Patient Comments: Fine-Needle Aspiration Biopsy of the Thyroid - Experience

What was your experience with fine-needle aspiration of your thyroid?

Comment from: sanrox, 45-54 Female (Patient) Published: May 16

Let me start by saying I hate needles, so when I was told I needed to have the fine-needle aspiration of my thyroid I was upset. I felt the prick of the needles for the local anesthetic, and the cold of the lidocaine. After that all I felt was the pressure of the doctor's fingers and the ultrasound device. The procedure took about an hour and they took 8 biopsies and once they looked at them, came back for 3 more. I have a small bruise on my neck and took an Aleve and used the icepack for a few minutes. It was very easy and now I feel silly for being so worried.

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Comment from: thyroid mom, 55-64 Female (Patient) Published: May 09

I wanted to say that I had a fine-needle aspiration of my thyroid on 3 nodules last week, and also had this done 8 years ago. The doc took 5 biopsies from each of 3 nodules. I agree with others, not a pleasant procedure. It took 2 hours. It took one week to get my results and all biopsies are indeterminate; they believe this is because of my Hashimoto's. I have very high antibodies in the 1800 to 2000 range depending on the blood test. So the doctors are just suggesting a wait and repeat in 6 months to a year.

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Comment from: ahealthyperson, 55-64 Female (Patient) Published: April 20

I had a fine-needle aspiration (FNA) of thyroid. I had no sedation. I had the injection of lidocaine which did burn and felt like a sting. I had three full needles full of blood and cells on each side. I was left with a huge bruise and a small round white blister above the injection site on both sides. My neck was so sore and still is 5 days later. I had a terrible headache after and could hardly talk. He was making little stabs for about 2 minutes 3 times on each side. It hurts when I cough and breathe, all the way down my throat. I have not received results yet. Not a pleasant procedure at all.

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Comment from: amc723, 45-54 Female (Patient) Published: February 03

My freshman year of college, I started to experience minor pains in my upper abdomen, under my ribs. I usually would just take tums, and try to fall asleep (it would happen at night). One night when I was home for Christmas break (January), the pain was bad enough to go to the emergency room (ER). The pain lasted until around 5 am, they gave me a 'GI (gastrointestinal) cocktail' and sent me on my way. I was prescribed omeprazole (Prilosec) to take once a day. I would get the same pain every once and a while that would radiate to my back. These pains started to get more severe and more frequent around late November, then started to happen pretty much every day. Finally, in January, (last month) I was referred to a GI doctor after going to the ER on Christmas day for horrible abdominal pain. They did an ultrasound and I was finally diagnosed with gallstones! My surgery is this month and hopefully it goes well. But seriously, if you have pain in your upper abdomen, it radiates to your shoulder blades, and you cannot eat anything fatty or unhealthy, do not just assume it is heartburn or indigestion! Get an ultrasound. I know how much gallstones can take a toll on someone; not being able to go eat pizza with your friends, losing sleep every night because of the pain, it is horrible!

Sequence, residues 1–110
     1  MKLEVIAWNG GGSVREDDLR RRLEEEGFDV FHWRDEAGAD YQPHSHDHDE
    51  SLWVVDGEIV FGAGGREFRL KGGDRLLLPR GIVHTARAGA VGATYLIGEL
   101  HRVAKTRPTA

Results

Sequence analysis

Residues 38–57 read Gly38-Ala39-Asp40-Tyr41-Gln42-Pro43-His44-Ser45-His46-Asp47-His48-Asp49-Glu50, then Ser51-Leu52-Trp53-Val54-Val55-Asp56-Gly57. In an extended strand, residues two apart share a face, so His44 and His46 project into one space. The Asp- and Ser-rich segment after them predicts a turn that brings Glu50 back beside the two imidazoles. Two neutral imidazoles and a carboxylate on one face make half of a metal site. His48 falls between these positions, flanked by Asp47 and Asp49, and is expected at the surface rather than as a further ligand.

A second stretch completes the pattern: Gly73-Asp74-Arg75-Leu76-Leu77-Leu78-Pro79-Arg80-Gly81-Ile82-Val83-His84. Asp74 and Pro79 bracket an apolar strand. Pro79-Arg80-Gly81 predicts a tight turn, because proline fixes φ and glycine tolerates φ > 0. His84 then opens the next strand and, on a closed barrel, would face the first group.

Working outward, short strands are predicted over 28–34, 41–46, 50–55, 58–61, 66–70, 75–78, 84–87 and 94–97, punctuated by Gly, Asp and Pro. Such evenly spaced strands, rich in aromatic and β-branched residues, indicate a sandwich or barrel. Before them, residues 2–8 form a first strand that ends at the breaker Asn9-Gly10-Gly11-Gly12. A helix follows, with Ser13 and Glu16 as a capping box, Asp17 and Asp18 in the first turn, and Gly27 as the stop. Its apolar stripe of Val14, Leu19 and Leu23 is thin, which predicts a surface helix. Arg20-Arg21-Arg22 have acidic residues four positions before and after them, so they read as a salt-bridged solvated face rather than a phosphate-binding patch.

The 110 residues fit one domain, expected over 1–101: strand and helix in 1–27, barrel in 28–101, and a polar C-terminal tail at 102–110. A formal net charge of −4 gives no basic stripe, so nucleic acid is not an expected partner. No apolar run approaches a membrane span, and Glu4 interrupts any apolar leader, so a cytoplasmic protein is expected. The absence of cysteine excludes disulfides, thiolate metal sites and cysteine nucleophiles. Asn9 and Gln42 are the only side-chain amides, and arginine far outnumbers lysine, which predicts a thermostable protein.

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Comment from: Flowerfanatic, 75 or over Female (Patient) Published: December 17

After having experienced several months of feeling like I was strangling especially when lying down, my doctor ordered a thyroid ultrasound. It came back with my thyroid being much enlarged with 1 cyst and several nodules, with the suggestion to have a biopsy. After having read many negative reports of having fine-needle aspiration biopsy (FNAB) of thyroid done, I was really terrified of having it done. Well, I'm here to tell you the only tiny bit of pain was the lidocaine injection and that was very brief. He waited about 30 seconds or so before starting the aspiration itself. I felt nothing when the radiologist aspirated the 3 syringes for sending to the pathologist. I don't know if there will be any side effects tomorrow but right now all I feel is the Band-Aid they put on it! The lidocaine is all gone and there's no feeling of having anything done to this area. I know I could experience some bruising possibly but I doubt if that will happen. I was given a small ice pack and used that on the way home and will apply more ice if needed. So all of my apprehension prior to the aspiration, was for naught as it was easier than a blood draw! Fortunately I had a very good team working with me and a very proficient radiologist doing the aspiration. Hopefully this will help alleviate fears someone else may feel if they're going to have an FNAB. It was truly a breeze!

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